Watch Films

Students find it much easier to spend time looking at a screen and visually absorbing information instead of having to listen to their teacher lecture. Most children can recount endless amounts of information and quotes from their favorite movies or television shows, so you know those skills are developed. Incorporate educational documentaries into your lessons and students will learn more and feel more at ease. Tailoring your lesson plans to the season will help you combat the lack of motivation in students.

Let Them Decide

When students have the opportunity to be hands-on with their own learning, they’ll be more invested in the subject. You can give students a list of topics that need to be covered during the next few weeks and let them choose in which order they want to learn about them. Provide opportunities for them to be involved in their own learning – they’ll be thankful for it and more motivated.

Change it up!

Some variety is always a good thing because students’ brains will immediately recognize the change and register it. Switch around the desk arrangement or redecorate the classroom. Give students something different and they’ll feel as though it’s an entirely new experience, not the same class they’ve been in for the last few months. Providing students with variation will prevent them from feeling bored and helps them give their attention to your teaching.

Introverts in the Classroom

Most often, when we talk about trends in education, there is a big shift towards student centered learning. By this, we mean group projects, classroom discussions, and even seating arrangements that resemble little pods of students. Naturally, this shift has had positive reactions from students and teachers alike. The only group we fail to ask input from are the introverted students. This blog will explore introverts and what kind of education best serves them.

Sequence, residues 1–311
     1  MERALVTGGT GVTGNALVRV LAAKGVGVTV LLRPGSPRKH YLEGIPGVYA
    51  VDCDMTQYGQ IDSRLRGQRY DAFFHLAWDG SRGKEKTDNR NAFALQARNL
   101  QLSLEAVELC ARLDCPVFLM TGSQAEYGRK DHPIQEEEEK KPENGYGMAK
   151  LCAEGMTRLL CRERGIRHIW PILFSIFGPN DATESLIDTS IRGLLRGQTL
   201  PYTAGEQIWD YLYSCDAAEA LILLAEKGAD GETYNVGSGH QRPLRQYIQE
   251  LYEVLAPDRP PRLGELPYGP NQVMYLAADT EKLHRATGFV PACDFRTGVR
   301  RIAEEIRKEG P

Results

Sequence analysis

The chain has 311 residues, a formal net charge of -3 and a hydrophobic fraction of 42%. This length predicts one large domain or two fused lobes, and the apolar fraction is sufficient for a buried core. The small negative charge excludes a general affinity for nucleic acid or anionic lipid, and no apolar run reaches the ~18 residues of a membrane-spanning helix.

What is an introvert?

An introvert is someone who is extremely introspective, has a deliberate need for solitude, and is a more effective written communicator than conversational. Introverts also spend a fair amount of time reflecting on the world around them to sort out all the stimulation we face every day.

Solitude is extremely important to introverts. When introverted people are out in the world interacting with other, they become drained from overstimulation. Part of this is due to the consistent reflection and introspection that comes naturally to them. It can be exhaustive to work through every interaction, sound, and environment change. The retreat to solitude allows them to process the day and recharge. This last part is extremely important when it comes to a classroom setting.

Recent shifts

Recent trends in education have turned towards a much more extrovert focused system. You have heard buzzwords like, flipped classrooms, student centered learning, and project based learning, which all focus on group interaction and discussion. For an introvert, this can be extremely exhausting! Especially if every classroom moves towards this type of learning. For introverts, a six hour period of interaction and stimulation can be hard to process. We need to begin doing things to help out students escape this, even for a little while, to recharge and engage in the next lesson.

Here’s a few things we can work on:

Quiet spaces

Make a space or time within your classroom that is for quite, individualized learning. This could be a reading nook or just a dedicated area that enforces a strong “individual, quite learning only” policy. You may find introverted students heading here after a particularly noisy lesson or after a group project. They are going to recharge, process the day, and will be ready to tackle the next group activity in no time.

Think first, then answer

Create a classroom policy that is “think first, answer later.” This gives all students a time to reflect and come up with their own answers before someone else has the opportunity to shout out the first thought in their head. This not only helps introverts process, it also teaches the rest of the classroom how to apply deep learning techniques to even the simplest of tasks.